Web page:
A strange and uncertain new world awaited those who boarded the Mayflower nearly 400 years ago.
The treacherous transatlantic crossing, followed by an horrendous first winter in Massachusetts, claimed the lives of more than half of the passengers and crew who had boarded the ship in Plymouth on 16 September, 1620.
After signing the Mayflower Compact - the first governing document of Plymouth Colony - the 53 surviving settlers and the remainder of the crew bravely set out to explore their new surroundings.
Among them was one Mayflower passenger who had already set foot on US soil more than a decade earlier.
Stephen Hopkins had spent several years in Virginia during a previous voyage, and his experience was to prove vital in the Pilgrims' early expeditions and the years that followed.
Stephen Hopkins is believed to have been born in 1581 in the Hampshire village of Upper Clatford, near Southampton.
Shortly after his birth and baptism, his family moved to Winchester and, by 1603/4, Hopkins was married to Mary and living in Hursley, Hampshire.
The couple had three children - Elizabeth (born 1603), Constance (1606) and Giles (1607) - who were all baptised there.
In 1609, Hopkins was hired by the Virginia Company to be a ministers' clerk for the Jamestown, Virginia, settlement and boarded the 'Sea Venture', which was shipwrecked in Bermuda en route to Jamestown.
The crew subsequently built two boats and, remarkably, arrived at Jamestown just 11 days later in May 1610.
The shipwreck became a well-known story in London, and William Shakespeare wrote his play, The Tempest', to reflect many of the incidents that happened to the 'Sea Venture' and her passengers. It's believed the Bard possibly even based comic character Stephano on Hopkins!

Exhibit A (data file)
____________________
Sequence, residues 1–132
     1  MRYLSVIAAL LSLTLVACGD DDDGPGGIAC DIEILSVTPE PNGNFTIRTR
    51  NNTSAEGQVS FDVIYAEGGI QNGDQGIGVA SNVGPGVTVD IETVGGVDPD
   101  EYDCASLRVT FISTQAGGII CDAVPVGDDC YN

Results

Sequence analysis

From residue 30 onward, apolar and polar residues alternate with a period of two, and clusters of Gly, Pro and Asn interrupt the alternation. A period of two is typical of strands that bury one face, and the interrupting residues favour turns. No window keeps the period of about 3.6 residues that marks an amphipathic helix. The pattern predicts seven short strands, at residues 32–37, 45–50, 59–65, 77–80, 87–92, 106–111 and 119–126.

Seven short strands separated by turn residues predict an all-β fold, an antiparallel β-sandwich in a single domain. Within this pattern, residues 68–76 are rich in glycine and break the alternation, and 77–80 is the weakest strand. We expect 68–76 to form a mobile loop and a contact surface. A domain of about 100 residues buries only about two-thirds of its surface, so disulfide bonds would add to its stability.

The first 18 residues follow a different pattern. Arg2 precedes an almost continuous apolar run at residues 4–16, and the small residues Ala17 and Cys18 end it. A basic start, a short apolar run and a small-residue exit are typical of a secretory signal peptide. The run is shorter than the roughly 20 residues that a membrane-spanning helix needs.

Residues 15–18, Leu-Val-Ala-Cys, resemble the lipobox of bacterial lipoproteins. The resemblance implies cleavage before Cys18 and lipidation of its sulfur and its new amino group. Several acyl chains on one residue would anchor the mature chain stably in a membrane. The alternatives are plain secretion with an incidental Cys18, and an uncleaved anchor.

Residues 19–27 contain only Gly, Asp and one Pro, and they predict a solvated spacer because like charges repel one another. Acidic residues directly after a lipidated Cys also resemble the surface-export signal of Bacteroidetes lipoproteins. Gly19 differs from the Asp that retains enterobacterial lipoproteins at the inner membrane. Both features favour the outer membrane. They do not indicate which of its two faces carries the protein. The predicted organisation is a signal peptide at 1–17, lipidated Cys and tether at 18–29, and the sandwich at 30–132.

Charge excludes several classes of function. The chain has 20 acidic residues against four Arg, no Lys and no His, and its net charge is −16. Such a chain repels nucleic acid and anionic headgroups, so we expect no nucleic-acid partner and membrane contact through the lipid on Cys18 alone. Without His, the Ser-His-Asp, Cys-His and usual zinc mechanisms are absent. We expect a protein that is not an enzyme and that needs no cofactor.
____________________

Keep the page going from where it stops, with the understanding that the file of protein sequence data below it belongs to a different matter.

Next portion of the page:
In Jamestown, they found the situation in the settlement critical - with the group ravaged by illness and surviving on little food. But just as they were about to evacuate everyone, a relief ship arrived.
Hopkins remained in Jamestown for four years but returned to England in 1614 after learning of the death of his wife died. In 1617, he married Elizabeth Fisher at St Mary Matfellon Church in Whitechapel, London, and the following year the couple had a daughter they named Damiris.
Hopkins worked as a tanner and merchant, and was recruited by the Company of Merchant Adventurers of London to provide governance for Plymouth Colony and to assist with its ventures.
When he learned of the Pilgrims' planned voyage to Northern Virginia, Hopkins paid for his and his family's passage, together with two servants - Edward Doty and Edward Leister.
The couple took with them Constance, Giles and Damaris but did not not pay for his eldest daughter Elizabeth, so it is assumed she had sadly died.
And if the transatlantic crossing wasn't dangerous enough, Elizabeth gave birth while at sea to a son whom they named Oceanus.
Shortly after arriving in North America, Hopkins was one of the 41 'true' Pilgrims who signed the Mayflower Compact and went on to become an active member of the community, presumably as a result of his years spent in Virginia.
Indeed, his experience was vital in the Pilgrims' early expeditions, and he was considered something of an "expert" on Native Americans for the first few contacts.
While out exploring, Hopkins is said to have recognised and identified an Indian deer trap. He was also sent on several of the ambassadorial missions to meet with the various Indian groups in the region.
Over the years, he assisted Pilgrim leaders including Myles Standish and Edward Winslow.
He and Elizabeth also had five more children, named Caleb, Deborah, Ruth, Damaris (in honour of their first daughter who sadly died), and Elizabeth.
Hopkins is believed to have died in the summer of 1644, but the location of his burial is unknown.
Stephen Hopkins is still remembered in Hampshire, where a series of guided walks allow you to hear all about his astonishing adventures and his links to Shakespeare's 'The Tempest'.
You'll be the first to hear the latest Mayflower news, events, and more.